It is SO sunny outside. Sure, anyone can talk about the weather, but as Wellington spends 97% of its time shrouded in gale force winds and grey skies, good weather always comes with the element of surprise. This afternoon Tim and I are unfortunately going to be spending several hours of said sunshine on a train to Palmerston North to see his family (the stuck-in-a-train bit is unfortunate, not catching up with whanau which will be awesome). We're going to be away most of the rest of the week so don't be alarmed and hold candlelit vigils while singing We Shall Overcome if there's not a lot going on here or on my Twitter.
While I'm talking about obvious stuff, how about the fact that it's less than a month till Christmas!? In the words of Mike LaFontaine, "Wha' happen?"
So, there are cookbooks and then there are, you know, seminal texts that you live your life by. By this I mean any words committed to paper from the pen of (or should that be committed to pixel by the typing hands of?) Nigella Lawson. It has been a little while since I've made any specific recipe of hers and I had this real urge to reconnect with her recently. But then at the last minute I had my head turned by this recipe in last weekend's edition of the Dominion Post. A bit like that flaneur-ish painting where the wife thinks her husband is paying attention to her but doesn't realise that his eyes are focussed instead on another comely lass. (I'm only describing it in such detail because I couldn't find the actual painting after a quick Google Image search, if someone knows the name of this painting feel free to speak up.) Actually it wasn't such a degrading act as that - I just liked the sound of this cake - Nigella remains there for the reconnecting some other time. But what use was that Art History paper I did in 2006 if I can't make dubious metaphorical connections between Nigella and paintings that I can't remember the name of?)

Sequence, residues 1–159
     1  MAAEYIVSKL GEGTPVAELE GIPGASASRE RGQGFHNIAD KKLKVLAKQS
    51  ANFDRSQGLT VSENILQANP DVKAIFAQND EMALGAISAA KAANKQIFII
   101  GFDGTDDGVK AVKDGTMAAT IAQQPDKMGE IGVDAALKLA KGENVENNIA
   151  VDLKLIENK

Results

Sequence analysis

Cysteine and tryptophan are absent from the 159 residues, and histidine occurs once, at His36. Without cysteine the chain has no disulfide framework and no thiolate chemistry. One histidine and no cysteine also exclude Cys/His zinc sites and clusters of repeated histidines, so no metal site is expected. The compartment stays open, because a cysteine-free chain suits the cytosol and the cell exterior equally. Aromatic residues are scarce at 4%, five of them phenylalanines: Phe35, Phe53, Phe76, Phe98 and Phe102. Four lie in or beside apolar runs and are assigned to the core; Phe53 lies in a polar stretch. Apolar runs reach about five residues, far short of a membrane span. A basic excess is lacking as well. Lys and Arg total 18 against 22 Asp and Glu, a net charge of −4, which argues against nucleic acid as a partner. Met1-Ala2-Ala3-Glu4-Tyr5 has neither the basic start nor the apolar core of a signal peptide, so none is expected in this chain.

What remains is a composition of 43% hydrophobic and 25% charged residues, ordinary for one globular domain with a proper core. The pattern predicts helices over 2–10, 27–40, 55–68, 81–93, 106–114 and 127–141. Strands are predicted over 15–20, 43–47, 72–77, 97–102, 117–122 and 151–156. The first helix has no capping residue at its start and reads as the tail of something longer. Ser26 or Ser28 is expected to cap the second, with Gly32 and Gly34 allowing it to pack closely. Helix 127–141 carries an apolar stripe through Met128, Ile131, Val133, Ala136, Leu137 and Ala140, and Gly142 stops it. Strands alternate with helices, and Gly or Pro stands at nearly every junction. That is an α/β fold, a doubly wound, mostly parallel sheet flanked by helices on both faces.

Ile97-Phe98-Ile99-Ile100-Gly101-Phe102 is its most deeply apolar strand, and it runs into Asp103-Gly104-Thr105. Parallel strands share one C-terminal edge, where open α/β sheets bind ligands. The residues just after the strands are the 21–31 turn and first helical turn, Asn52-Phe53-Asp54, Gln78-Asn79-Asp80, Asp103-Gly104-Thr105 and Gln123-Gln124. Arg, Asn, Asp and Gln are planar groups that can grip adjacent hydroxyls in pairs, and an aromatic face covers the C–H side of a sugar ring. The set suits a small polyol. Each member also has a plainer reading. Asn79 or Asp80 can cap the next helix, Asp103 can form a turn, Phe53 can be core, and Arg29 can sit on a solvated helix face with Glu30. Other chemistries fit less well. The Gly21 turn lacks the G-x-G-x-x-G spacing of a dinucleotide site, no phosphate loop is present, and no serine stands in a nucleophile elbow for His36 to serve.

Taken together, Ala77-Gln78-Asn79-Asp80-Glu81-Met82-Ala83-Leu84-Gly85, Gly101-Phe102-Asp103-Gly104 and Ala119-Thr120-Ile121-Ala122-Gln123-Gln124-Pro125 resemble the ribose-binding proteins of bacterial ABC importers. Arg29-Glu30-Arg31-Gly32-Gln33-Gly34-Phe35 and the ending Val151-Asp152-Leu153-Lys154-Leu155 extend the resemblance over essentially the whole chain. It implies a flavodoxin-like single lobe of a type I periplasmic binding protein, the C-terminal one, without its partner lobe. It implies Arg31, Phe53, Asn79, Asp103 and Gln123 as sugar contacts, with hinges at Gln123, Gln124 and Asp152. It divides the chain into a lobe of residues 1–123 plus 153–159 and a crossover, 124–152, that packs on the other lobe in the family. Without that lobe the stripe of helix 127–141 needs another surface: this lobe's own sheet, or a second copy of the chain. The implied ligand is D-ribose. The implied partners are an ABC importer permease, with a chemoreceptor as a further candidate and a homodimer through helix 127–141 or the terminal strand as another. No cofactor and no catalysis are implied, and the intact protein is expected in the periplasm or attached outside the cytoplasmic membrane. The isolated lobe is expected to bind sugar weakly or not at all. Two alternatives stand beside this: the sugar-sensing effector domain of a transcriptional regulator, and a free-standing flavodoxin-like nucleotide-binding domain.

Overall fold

It's a truly simple cake and doesn't seem to be in any way flouncy or exciting but its uncomplicatednicity is what drew me to it. It's ideal with a cup of tea, ages well and is a delight to eat - a cake of the old school, buttery and solid.
adapted from a recipe by David Burton, found in the Indulgence section of the Dominion Post
145g raw sugar
145g white sugar
1/2 tsp baking powder
170g standard flour
170g wholemeal flour
Set the oven to 160 C, and line a square-ish tin of around 20cm square. The size isn't a deal breaker though so don't go weeping over your tape measure.